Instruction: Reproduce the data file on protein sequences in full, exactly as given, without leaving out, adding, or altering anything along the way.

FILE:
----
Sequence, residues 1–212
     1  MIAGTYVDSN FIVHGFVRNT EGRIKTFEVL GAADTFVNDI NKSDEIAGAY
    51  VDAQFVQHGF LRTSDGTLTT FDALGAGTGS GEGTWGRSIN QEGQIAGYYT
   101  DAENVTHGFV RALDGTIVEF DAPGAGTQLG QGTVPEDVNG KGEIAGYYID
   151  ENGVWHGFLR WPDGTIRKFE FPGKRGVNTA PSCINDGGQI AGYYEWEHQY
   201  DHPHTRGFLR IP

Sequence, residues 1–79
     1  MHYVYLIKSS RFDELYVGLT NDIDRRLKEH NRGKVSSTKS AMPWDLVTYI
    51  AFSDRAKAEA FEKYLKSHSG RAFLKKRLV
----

Sequence, residues 1–212
     1  MIAGTYVDSN FIVHGFVRNT EGRIKTFEVL GAADTFVNDI NKSDEIAGAY
    51  VDAQFVQHGF LRTSDGTLTT FDALGAGTGS GEGTWGRSIN QEGQIAGYYT
   101  DAENVTHGFV RALDGTIVEF DAPGAGTQLG QGTVPEDVNG KGEIAGYYID
   151  ENGVWHGFLR WPDGTIRKFE FPGKRGVNTA PSCINDGGQI AGYYEWEHQY
   201  DHPHTRGFLR IP

Sequence, residues 1–79
     1  MHYVYLIKSS RFDELYVGLT NDIDRRLKEH NRGKVSSTKS AMPWDLVTYI
    51  AFSDRAKAEA FEKYLKSHSG RAFLKKRLV